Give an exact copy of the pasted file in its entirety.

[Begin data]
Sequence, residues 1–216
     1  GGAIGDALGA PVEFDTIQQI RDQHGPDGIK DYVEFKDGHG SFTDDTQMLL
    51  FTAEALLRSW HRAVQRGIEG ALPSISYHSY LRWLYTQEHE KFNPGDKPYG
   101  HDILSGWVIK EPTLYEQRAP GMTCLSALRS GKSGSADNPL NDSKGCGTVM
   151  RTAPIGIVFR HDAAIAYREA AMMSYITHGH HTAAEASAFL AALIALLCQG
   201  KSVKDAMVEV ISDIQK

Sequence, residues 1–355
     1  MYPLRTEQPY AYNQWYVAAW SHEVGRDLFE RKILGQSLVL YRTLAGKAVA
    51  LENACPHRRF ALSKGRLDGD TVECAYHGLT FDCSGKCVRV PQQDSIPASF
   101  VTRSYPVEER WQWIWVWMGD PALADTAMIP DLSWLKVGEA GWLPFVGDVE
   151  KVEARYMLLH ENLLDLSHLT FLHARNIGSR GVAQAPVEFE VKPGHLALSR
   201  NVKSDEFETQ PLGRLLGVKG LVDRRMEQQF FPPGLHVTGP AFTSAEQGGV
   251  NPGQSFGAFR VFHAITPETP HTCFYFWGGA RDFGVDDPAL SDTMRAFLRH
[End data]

Sequence, residues 1–216
     1  GGAIGDALGA PVEFDTIQQI RDQHGPDGIK DYVEFKDGHG SFTDDTQMLL
    51  FTAEALLRSW HRAVQRGIEG ALPSISYHSY LRWLYTQEHE KFNPGDKPYG
   101  HDILSGWVIK EPTLYEQRAP GMTCLSALRS GKSGSADNPL NDSKGCGTVM
   151  RTAPIGIVFR HDAAIAYREA AMMSYITHGH HTAAEASAFL AALIALLCQG
   201  KSVKDAMVEV ISDIQK

Sequence, residues 1–355
     1  MYPLRTEQPY AYNQWYVAAW SHEVGRDLFE RKILGQSLVL YRTLAGKAVA
    51  LENACPHRRF ALSKGRLDGD TVECAYHGLT FDCSGKCVRV PQQDSIPASF
   101  VTRSYPVEER WQWIWVWMGD PALADTAMIP DLSWLKVGEA GWLPFVGDVE
   151  KVEARYMLLH ENLLDLSHLT FLHARNIGSR GVAQAPVEFE VKPGHLALSR
   201  NVKSDEFETQ PLGRLLGVKG LVDRRMEQQF FPPGLHVTGP AFTSAEQGGV
   251  NPGQSFGAFR VFHAITPETP HTCFYFWGGA RDFGVDDPAL SDTMRAFLRH